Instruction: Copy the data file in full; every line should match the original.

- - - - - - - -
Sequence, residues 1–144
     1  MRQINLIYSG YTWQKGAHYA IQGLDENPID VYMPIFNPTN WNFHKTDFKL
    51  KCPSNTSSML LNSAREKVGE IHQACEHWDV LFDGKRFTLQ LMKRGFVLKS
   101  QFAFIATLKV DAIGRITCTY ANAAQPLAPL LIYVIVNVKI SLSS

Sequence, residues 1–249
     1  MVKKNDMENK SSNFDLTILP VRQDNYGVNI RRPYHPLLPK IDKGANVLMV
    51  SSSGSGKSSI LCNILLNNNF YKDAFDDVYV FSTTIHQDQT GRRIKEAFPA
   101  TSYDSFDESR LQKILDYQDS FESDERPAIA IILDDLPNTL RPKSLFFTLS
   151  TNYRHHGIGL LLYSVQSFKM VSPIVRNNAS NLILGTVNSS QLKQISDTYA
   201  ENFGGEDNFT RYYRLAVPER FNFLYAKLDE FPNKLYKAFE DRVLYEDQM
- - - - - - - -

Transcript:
Sequence, residues 1–144
     1  MRQINLIYSG YTWQKGAHYA IQGLDENPID VYMPIFNPTN WNFHKTDFKL
    51  KCPSNTSSML LNSAREKVGE IHQACEHWDV LFDGKRFTLQ LMKRGFVLKS
   101  QFAFIATLKV DAIGRITCTY ANAAQPLAPL LIYVIVNVKI SLSS

Sequence, residues 1–249
     1  MVKKNDMENK SSNFDLTILP VRQDNYGVNI RRPYHPLLPK IDKGANVLMV
    51  SSSGSGKSSI LCNILLNNNF YKDAFDDVYV FSTTIHQDQT GRRIKEAFPA
   101  TSYDSFDESR LQKILDYQDS FESDERPAIA IILDDLPNTL RPKSLFFTLS
   151  TNYRHHGIGL LLYSVQSFKM VSPIVRNNAS NLILGTVNSS QLKQISDTYA
   201  ENFGGEDNFT RYYRLAVPER FNFLYAKLDE FPNKLYKAFE DRVLYEDQM